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In the directories ~/temp/a/foo/ and ~/temp/b/foo foo/ I have some files named bar1, bar2, bar bar1, bar bar2, etc.

I am trying to write a line of Bash that copies all these files in a directory containing "foo" as last part of the name to the folder above the respective "foo" folder.

As long as there are no spaces in the file names, this is an easy task, but the two following commands fail when dealing with the foo foo directory:

for dir in `find . -type d -name '*foo'` ; do cp $dir/* "$(echo $dir|sed 's_foo__g')" ; done

(The cp command fails to see the last foo of "foo foo" as part of the same directory name.)

for dir in `find . -type d -name '*foo'` ; do cp "$dir/*" "$(echo $dir|sed 's_foo__g')" ; done

("$dir/*" is not expanded.)

Attempts like replacing $dir/* with "$(echo $dir/*)" have been even less successful.

Is there an easy way to expand $dir/* so that cp understands?

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Please see mywiki.wooledge.org/DontReadLinesWithFor –  Charles Duffy Mar 16 '13 at 23:34

3 Answers 3

up vote 4 down vote accepted

Not only is a for loop wrong -- sed is also not the right tool for this job.

while IFS= read -r -d '' dir; do
  cp "$dir" "${dir/foo/}"
done < <(find . -type d -name '*foo' -print0)

Using -print0 on the find (and IFS= read -r -d '') ensures that filenames with newlines won't mess you up.

Using the < <(...) construct ensures that if the inside of your loop sets variables, changes directory state, or does similar things, those changes will survive (the right-hand side of a pipeline is in a subshell in bash, so piping into a while loop would mean that any changes to the shell's state made inside that while loop would be discarded on its exit otherwise).

Using ${dir/foo/} is vastly more efficient than invoking sed, as it does the string replacement internal to bash.

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Are you sure the IFS= is needed there? Great post btw! –  janos Mar 16 '13 at 23:41
    
Despite janos's suggestion to accept this answer as a solution, it turns out that the code does not actually move any files. Bash 4.2.24 complains that cp cannot stat ''. I am not 100% sure what the line cp "$dir" "${dir/foo/}" does. Does it really attempt to copy files to an existing directory above the foo directory? –  uvett Mar 17 '13 at 0:13
    
Shouldn't read ... file be read ... dir? –  Dan Cruz Mar 17 '13 at 0:14
    
@DanCruz Just so. –  Charles Duffy Mar 17 '13 at 5:45
    
@uvett Dan pegged the error. If that doesn't fix it, be sure your file starts with #!/bin/bash; this code won't work with #!/bin/sh. –  Charles Duffy Mar 17 '13 at 5:45

The problem here is not with cp, but with for, because by default it splits the output of your subshell by words, not by directory names.

A lazy workaround is to use while instead and process the list of directories line by line like this:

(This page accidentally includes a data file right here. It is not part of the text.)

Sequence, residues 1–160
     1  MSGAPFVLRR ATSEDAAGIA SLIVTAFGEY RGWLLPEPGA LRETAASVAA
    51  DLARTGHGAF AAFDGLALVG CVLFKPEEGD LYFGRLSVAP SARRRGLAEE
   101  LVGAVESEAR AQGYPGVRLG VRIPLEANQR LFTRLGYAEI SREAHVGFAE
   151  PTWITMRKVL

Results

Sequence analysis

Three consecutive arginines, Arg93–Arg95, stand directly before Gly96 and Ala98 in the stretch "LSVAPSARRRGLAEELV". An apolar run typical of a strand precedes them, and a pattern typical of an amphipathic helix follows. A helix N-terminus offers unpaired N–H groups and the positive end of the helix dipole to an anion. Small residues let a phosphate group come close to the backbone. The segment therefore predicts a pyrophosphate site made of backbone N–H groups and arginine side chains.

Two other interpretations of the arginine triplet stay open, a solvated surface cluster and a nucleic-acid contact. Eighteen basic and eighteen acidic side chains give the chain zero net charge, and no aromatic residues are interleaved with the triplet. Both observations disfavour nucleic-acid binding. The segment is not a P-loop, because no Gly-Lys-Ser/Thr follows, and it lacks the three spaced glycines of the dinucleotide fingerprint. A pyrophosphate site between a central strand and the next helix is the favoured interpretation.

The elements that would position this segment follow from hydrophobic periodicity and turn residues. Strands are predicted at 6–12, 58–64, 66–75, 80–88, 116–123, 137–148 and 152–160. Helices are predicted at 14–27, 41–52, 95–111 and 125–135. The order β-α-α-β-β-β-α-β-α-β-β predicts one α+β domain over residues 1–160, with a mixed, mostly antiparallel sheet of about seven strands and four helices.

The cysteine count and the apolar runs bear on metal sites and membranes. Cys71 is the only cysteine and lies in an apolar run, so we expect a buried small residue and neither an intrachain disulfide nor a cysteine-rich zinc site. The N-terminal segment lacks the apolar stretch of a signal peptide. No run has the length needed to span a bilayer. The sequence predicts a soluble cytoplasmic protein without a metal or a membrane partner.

find . -type d -name '*foo' | while read dir; do cp "$dir"/* "$(echo $dir | sed 's_foo__g')" ; done

This should fix your problem with spaces, but this is by no means a foolproof solution.

See Charles Duffy's answer for a more accurate solution.

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Almost right, but you really should NUL-delimit the contents of the pipeline -- otherwise, a maliciously crafted filename containing a newline can cause any arbitrary file to be copied. –  Charles Duffy Mar 16 '13 at 23:35
    
...by the way, it's also not accurate that dir will never contain spaces as an artifact of how for works; word-splitting is not part of for's semantics, and if IFS is set to not contain whitespace, string-split output can contain whitespace. That said, relying on string-splitting is wrong for other reasons (for instance, because glob expansion happens at the same time). –  Charles Duffy Mar 16 '13 at 23:40
    
Thanks, this seems to work for all my real-world file-copying problems. That it actually fails on my simplified example, is a funny detail. (sed deletes both foos in the foo foo folder name). –  uvett Mar 16 '13 at 23:45
    
@CharlesDuffy "almost right"... is a bit far from the truth eh :-) But that's exactly why I added the "by no means foolproof" bit. Thanks for the tips, I'll rephrase what I wrote about for. –  janos Mar 16 '13 at 23:47
    
@uvett I urge you to accept Charles Duffy's answer instead of mine. It's more accurate, better explained and it takes care of all corner cases. –  janos Mar 16 '13 at 23:49

Rename ~/temp/b/foo foo/ to something without spaces, e.g. ~/temp/b/foo_foo/ and do what you were trying to do again. After that you can rename it back to the original, with space, if you really have to. BTW. myself I never use file names containing spaces, simply to avoid complications like the one you are facing now.

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I attempted to simplfy a problem that concerns dozens of folders and hundreds of files with ugly names. Renaming them seems like a sub-optimal option, especially since I would have to restore the folder names later. –  uvett Mar 16 '13 at 23:18

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